Confucius is regarded as a great philosopher and a great sage of China. In Chinese, Confucius is called Kong Qiu or Kong Fuzi. It was the Jesuit missionaries of the seventeenth century who came to call him Confucius, and this Latinate name has since become known to the West. Confucianism is a way of life taught by Confucius in the 6th-5th century BC. Sometimes viewed as a philosophy, sometimes as a religion, Confucianism is perhaps best understood as an all-encompassing humanism that neither denies nor slights Heaven. Confucius was said to have been born at Qufu in the State of Lu in what is now Shangdong Province, in about 551 B.C., and he died in 479 B.C. He lived at the end of a troubled age called the "Spring and Autumn Period (770B.C.- 476B.C.)", in which the ducal states of the old Zhou empire were fighting for supremacy, and the resulting chaos led many thinkers to search for fundamental principles of social order and harmony. Confucius wandered about from court to court, attempting to convince rulers of the right way to govern.

Confucianism is a major system of thought in China, developed from the teachings of the Chinese philosopher Confucius and his disciples, and concerned with the principles of good conduct, practical wisdom, and proper social relationships. Confucianism has unfenced the Chinese attitude toward life, set the patterns of living and standards of social value, and provided the background for Chinese political theories and institutions. Confucianism has always fitted naturally into the ancient Chinese pattern of close family ties and absolute rule in which the father governed like an emperor and the emperor was supposed to care for his subjects like a father, which those below obeyed both. This system of belief, through which China was for so long governed, exalts mainly those virtues that fit a static and ideally gentle world, where every family has its place beneath the ruler, and every individual has his place within the family. Confucianism spread from China to Korea, Japan, and Vietnam and has aroused interest among occidental scholars.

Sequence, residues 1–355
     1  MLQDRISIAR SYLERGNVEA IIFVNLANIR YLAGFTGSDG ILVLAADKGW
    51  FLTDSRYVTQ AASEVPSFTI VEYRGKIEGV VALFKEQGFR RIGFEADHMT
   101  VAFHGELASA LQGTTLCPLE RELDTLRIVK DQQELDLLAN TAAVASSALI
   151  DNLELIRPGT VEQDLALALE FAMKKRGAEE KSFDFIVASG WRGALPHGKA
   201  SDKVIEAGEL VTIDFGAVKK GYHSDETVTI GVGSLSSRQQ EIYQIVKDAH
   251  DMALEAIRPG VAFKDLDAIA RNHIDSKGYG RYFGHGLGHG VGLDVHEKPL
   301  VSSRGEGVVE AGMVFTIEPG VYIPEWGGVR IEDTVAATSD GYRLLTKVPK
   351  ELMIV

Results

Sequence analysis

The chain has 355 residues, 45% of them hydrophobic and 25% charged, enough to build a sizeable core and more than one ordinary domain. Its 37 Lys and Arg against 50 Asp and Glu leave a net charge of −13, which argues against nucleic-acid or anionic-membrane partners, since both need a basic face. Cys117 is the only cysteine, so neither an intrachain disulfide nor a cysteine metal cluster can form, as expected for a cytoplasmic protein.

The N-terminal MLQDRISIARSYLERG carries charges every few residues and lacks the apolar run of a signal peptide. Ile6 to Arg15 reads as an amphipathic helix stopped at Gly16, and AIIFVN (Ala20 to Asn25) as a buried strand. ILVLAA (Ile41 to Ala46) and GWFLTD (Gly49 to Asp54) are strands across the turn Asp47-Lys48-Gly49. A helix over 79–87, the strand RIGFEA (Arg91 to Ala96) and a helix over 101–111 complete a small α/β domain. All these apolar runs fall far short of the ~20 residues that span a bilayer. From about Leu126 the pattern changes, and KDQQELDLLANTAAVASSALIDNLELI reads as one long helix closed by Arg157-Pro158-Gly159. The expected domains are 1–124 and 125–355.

Although Confucianism became the official ideology of the Chinese rulers, it has never existed as an established religion with a church and priesthood. Chinese scholars honored Confucius as a great teacher and sage, but did not worship him as a personal god. Nor did Confucius himself ever claim divinity. The principles of Confucianism are contained in nine ancient Chinese works handed down by Confucius and his followers, who lived in an age of great philosophic activity. These teachings can be divided into two groups: The Five Classics and The Four Books.